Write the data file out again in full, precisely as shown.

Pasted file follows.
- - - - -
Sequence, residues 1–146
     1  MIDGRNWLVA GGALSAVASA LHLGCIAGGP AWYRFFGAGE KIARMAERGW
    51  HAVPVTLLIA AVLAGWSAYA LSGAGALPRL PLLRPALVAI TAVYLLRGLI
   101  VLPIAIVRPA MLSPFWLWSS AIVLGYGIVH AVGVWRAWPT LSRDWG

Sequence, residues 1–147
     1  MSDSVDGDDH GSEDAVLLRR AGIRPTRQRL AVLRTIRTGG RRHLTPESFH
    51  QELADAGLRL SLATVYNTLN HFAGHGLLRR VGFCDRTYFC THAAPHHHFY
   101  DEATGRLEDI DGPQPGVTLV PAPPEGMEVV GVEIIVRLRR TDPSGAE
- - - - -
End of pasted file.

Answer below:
Sequence, residues 1–146
     1  MIDGRNWLVA GGALSAVASA LHLGCIAGGP AWYRFFGAGE KIARMAERGW
    51  HAVPVTLLIA AVLAGWSAYA LSGAGALPRL PLLRPALVAI TAVYLLRGLI
   101  VLPIAIVRPA MLSPFWLWSS AIVLGYGIVH AVGVWRAWPT LSRDWG

Sequence, residues 1–147
     1  MSDSVDGDDH GSEDAVLLRR AGIRPTRQRL AVLRTIRTGG RRHLTPESFH
    51  QELADAGLRL SLATVYNTLN HFAGHGLLRR VGFCDRTYFC THAAPHHHFY
   101  DEATGRLEDI DGPQPGVTLV PAPPEGMEVV GVEIIVRLRR TDPSGAE